Walking through Bukhara really feels like you are stepping back in time.

The pedestrian alleyways, the dirt streets, bazaars, the uniform buildings, the slightly decayed madrassas, everything just blends perfectly together.

It was simply an absolute delight to stroll around Bukhara and to admire all the fantastic historic sights this city has to offer.

Trip report index

This article is part of the ‘From Uzbekistan With Plov‘ trip report, which consists of the following chapters:

1. Review: Prietenia Night Train Bucharest to Chisinau
2. Chisinau Guide: A Visit to Moldova’s Capital
3. Istanbul Ataturk Airport and the Turkish Airlines Lounge
4. Review: Turkish Airlines Business Class Airbus A330
5. Tashkent Travels: A Day in the Capital of Uzbekistan
6. Tashkent to Samarkand by Uzbekistan Railways ‘Shark’ Train
7. Samarkand Visit Guide: Travelling Through Silk Road Splendour
8. Review: Afrosiyob High-Speed Train Samarkand to Bukhara
9. Bukhara: Exploring Unique Historic Sights and Timeless Charm (current chapter)
10. Bukhara to Khiva by Train: My Travel Experience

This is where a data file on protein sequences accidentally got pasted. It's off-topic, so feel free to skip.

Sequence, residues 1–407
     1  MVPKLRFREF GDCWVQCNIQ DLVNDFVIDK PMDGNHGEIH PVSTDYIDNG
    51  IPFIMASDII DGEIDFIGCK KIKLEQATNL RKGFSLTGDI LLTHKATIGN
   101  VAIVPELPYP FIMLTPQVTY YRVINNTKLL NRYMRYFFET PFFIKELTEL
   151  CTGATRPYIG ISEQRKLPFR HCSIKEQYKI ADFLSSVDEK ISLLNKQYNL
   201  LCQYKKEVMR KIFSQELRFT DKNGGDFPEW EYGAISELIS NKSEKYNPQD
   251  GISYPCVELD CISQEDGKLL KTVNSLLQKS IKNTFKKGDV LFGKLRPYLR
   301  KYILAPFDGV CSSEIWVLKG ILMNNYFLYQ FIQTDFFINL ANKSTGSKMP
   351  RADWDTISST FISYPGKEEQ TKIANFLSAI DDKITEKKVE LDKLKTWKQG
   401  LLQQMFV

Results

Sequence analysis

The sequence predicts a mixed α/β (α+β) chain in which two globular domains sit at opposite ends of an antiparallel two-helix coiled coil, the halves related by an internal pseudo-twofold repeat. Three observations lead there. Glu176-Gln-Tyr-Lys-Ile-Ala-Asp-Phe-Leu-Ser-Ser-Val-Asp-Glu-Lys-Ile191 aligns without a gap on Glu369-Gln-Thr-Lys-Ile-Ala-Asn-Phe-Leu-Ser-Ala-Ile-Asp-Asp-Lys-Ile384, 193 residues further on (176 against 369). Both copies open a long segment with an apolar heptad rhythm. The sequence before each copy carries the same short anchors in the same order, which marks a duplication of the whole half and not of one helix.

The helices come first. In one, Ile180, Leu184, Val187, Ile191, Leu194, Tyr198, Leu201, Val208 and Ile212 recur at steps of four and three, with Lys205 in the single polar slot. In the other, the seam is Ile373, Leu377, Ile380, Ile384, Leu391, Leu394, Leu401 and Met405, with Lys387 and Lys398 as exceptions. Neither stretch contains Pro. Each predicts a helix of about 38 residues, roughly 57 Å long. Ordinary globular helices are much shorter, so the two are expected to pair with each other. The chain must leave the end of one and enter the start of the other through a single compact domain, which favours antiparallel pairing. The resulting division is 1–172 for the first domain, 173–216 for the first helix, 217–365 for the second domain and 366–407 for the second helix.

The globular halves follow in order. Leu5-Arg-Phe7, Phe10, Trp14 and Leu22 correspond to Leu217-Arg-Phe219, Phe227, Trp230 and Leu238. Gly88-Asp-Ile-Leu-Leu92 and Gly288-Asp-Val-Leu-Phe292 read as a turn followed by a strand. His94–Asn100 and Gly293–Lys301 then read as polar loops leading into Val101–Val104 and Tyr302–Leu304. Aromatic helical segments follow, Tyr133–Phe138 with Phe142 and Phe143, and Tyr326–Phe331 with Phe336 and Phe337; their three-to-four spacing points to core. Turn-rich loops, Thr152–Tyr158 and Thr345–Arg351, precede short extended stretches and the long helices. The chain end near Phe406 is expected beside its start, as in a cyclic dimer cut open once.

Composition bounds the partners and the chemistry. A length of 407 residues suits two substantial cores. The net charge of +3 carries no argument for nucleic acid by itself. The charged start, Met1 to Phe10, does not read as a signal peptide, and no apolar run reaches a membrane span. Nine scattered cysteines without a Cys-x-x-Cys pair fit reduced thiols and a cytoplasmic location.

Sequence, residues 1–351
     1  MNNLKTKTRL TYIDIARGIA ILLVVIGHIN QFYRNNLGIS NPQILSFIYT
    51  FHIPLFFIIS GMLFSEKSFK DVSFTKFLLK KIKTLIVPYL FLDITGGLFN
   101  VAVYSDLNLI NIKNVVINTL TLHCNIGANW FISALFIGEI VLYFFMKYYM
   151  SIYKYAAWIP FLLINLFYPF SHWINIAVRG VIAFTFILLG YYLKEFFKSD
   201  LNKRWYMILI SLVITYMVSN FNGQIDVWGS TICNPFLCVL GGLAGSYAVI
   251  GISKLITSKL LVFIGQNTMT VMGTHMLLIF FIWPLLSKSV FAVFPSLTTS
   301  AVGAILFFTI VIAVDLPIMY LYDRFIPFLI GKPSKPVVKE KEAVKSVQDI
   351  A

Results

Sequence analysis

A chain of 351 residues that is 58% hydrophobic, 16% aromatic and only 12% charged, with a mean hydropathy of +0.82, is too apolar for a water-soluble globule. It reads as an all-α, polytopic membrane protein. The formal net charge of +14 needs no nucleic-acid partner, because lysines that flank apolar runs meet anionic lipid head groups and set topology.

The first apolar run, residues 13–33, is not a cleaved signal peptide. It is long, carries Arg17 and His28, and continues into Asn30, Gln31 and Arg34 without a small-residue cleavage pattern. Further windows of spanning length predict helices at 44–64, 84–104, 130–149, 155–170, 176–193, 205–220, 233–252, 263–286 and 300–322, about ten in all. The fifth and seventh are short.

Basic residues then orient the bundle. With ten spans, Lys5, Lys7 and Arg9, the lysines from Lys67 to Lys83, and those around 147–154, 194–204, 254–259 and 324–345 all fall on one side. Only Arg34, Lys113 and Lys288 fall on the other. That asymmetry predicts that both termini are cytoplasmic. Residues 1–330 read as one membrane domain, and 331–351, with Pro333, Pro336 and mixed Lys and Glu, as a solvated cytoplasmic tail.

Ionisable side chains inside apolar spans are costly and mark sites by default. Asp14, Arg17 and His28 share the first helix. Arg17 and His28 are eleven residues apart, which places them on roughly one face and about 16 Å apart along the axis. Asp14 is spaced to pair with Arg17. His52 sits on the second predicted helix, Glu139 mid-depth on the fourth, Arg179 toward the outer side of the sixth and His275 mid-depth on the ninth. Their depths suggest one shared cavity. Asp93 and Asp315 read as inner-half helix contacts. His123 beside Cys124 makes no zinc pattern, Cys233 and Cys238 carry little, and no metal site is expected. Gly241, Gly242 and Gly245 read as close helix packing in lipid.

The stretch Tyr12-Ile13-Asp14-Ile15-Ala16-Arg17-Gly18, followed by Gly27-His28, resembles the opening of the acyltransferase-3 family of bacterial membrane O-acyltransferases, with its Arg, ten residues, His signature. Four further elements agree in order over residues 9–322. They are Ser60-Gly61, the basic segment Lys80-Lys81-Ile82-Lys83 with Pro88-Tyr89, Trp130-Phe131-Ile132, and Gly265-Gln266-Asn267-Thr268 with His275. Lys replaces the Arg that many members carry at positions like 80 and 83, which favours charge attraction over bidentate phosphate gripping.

11. Khiva: Uzbekistan’s Unique Desert Oasis City
12. On a Night Train Across Uzbekistan: From Urgench to Tashkent
13. Guide: How to Travel From Tashkent to Shymkent
14. Shymkent: The Gateway to Southern Kazakhstan
15. Sukhoi Superjet: Flying Russia’s Homemade Plane

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Koen works as a freelance journalist covering south-eastern Europe and is the founding father and editor-in-chief of Paliparan. As a contributor to some major Fleet Street newspapers and some lesser known publications in the Balkans, he travels thousands of miles each year for work as well as on his personal holidays. Whether it is horse riding in Kyrgyzstan’s Tian Shan mountains, exploring the backstreets of Bogotá, or sipping a glass of moschofilero in a Greek beachside taverna, Koen loves to immerse himself into the local culture, explore new places and eat and drink himself around the world.